Dear Body of Water: Poets Across the Globe Write a Love Letter to the Water That Sustains Us

Wick Poetry Center collaborates on new global environmental writing project

Kent State University’s Wick Poetry Center is collaborating on a new global poem to pay tribute to the liquid that sustains life.

“Dear Body of Water,” Wick’s newest collaboration with the University of Arizona’s Poetry Center, invites writers to speak to the bodies of water that have shaped their lives.

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David Hassler, the Bob and Walt Wick executive director of the Wick Center, said the project began with environmental writer and poet Gretchen Ernster Henderson, a senior lecturer at the University of Texas at Austin.

Henderson sought collaboration with Arizona’s Poetry Center, which in turn asked Wick to join the project. The Arizona center previously collaborated with Wick for “Dear Vaccine,” a global poem that began as an expression of hope at the emergence of vaccines to fight COVID-19.

David Hassler
David Hassler

The water poem began with simple postcard submissions and has since expanded to include a website and digital writing tools, which has allowed the project to grow internationally. The website includes an interactive map that shows from where the writing submissions are coming and helps to pinpoint geographically the bodies of water that the poetry is celebrating.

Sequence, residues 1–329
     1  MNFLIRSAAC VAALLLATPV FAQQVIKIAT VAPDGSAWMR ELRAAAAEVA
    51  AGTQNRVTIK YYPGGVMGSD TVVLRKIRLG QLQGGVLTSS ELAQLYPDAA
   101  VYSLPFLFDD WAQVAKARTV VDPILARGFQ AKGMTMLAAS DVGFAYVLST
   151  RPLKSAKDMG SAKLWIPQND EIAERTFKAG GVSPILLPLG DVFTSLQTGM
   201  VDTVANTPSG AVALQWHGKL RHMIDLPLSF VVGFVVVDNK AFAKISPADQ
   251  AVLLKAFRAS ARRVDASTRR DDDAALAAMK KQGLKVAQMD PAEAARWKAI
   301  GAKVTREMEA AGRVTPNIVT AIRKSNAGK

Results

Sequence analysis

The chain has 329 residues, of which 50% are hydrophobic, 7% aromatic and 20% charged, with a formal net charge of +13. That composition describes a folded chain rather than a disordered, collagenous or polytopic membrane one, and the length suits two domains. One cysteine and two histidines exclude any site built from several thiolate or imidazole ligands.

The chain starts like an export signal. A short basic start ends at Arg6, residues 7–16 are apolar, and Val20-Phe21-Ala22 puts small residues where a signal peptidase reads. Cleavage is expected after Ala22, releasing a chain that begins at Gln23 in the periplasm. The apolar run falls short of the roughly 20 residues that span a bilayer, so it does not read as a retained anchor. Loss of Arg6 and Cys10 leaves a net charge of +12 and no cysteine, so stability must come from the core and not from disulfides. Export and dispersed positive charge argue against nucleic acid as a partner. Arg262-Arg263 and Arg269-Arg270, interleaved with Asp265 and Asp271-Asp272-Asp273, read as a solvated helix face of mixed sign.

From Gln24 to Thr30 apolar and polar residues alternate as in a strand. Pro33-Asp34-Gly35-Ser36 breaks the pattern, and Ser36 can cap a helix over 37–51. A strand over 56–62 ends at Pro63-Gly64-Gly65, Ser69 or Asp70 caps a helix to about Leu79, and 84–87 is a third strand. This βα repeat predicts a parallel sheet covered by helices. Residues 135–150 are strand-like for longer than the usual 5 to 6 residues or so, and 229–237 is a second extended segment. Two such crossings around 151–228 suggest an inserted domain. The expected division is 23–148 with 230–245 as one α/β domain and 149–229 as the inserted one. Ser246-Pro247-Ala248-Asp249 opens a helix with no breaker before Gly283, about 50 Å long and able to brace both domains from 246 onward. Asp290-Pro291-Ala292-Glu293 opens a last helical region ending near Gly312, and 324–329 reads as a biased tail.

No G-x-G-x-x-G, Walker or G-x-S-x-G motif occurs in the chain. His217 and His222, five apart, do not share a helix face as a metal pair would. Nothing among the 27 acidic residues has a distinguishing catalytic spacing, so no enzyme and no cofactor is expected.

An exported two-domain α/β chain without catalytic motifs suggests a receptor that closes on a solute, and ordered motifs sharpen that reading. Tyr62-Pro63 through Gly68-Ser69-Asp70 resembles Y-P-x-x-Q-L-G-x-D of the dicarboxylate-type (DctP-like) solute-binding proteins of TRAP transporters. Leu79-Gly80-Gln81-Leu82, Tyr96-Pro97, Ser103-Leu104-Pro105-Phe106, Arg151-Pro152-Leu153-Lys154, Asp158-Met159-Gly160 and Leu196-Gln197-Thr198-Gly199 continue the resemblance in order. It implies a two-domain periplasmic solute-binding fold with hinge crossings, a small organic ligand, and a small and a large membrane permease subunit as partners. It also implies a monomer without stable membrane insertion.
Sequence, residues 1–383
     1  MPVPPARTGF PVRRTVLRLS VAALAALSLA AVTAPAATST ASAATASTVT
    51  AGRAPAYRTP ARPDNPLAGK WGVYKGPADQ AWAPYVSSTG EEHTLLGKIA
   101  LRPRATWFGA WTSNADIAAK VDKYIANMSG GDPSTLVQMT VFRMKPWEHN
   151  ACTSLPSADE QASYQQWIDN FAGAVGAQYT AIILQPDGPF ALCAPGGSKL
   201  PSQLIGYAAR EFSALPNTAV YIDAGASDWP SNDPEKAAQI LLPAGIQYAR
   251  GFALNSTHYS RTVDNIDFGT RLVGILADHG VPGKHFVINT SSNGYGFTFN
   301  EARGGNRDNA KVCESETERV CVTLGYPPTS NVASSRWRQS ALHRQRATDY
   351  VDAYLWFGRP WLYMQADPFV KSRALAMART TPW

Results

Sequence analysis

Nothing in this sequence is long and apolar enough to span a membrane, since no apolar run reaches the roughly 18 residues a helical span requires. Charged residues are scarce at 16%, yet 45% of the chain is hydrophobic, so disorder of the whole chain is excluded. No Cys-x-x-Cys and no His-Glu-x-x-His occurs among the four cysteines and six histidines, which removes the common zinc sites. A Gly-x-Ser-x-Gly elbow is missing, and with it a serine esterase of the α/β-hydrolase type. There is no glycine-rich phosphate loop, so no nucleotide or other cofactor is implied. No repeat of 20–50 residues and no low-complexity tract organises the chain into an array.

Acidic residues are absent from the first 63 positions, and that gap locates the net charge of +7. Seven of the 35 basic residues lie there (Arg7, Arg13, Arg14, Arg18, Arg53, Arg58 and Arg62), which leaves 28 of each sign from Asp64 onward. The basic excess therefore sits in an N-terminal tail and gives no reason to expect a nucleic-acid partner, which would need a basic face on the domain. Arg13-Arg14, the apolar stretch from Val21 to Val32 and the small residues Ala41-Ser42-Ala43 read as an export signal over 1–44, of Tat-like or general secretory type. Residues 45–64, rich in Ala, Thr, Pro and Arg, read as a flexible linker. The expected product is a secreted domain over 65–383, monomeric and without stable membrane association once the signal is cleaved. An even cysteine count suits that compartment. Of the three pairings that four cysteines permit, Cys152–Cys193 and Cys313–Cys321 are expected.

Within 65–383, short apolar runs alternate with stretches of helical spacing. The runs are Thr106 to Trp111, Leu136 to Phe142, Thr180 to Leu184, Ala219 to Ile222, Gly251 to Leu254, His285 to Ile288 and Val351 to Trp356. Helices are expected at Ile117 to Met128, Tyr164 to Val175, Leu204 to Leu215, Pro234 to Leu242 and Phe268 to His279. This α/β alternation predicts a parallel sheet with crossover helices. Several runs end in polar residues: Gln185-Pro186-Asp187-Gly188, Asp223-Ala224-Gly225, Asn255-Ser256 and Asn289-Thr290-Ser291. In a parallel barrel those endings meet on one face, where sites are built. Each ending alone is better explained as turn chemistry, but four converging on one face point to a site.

“It’s a global conversation uniting our care and concern for water,” Hassler said.

People are encouraged to write letters and poems to beloved rivers, oceans, aquifers, creeks, ponds, lakes and other bodies of water as part of the collective poetry project. This worldwide endeavor hopes to refocus people’s relationship with water, so that it comes to be viewed not as a resource to be exploited, but as a living entity worthy of care, appreciation and protection, particularly given existing water crises throughout the world.

“Dear Body of Water” is part of the larger “Poets for Science” project that has been expanding in recent years.

Hassler gave a presentation on Poets for Science at the American Geophysical Union’s recent conference in San Francisco, California, helping to lead that group in its own poem creation.  

“I think that there is a growing awareness and consciousness of connecting an emotional response with an intellectual response and integrating the two,” Hassler said. “I think that poetry and art help us integrate the knowledge that is often difficult to feel and process.”

Art provides a way for individuals to synthesize the unwelcome news that often comes from science – in this instance the news of climate change and the devastating effects it is having on the world’s water supplies, Hassler said.  

“It helps us to build a kind of an emotional resilience to help educate our emotions and to connect with each other so that we’re not alone in our grief or we’re not alone in our feelings of anxiety or anxiousness by connecting with others and processing it through the lens of art and poetry,” Hassler said.

The strength that comes from connecting with others through art will hopefully give people the courage to address issues of climate change, he said.

“I think the art centers us to begin to have the resilience to take action,” Hassler said. 


POSTED: Tuesday, February 13, 2024 02:56 PM
Updated: Tuesday, February 13, 2024 03:56 PM
Lisa Abraham
Kent State University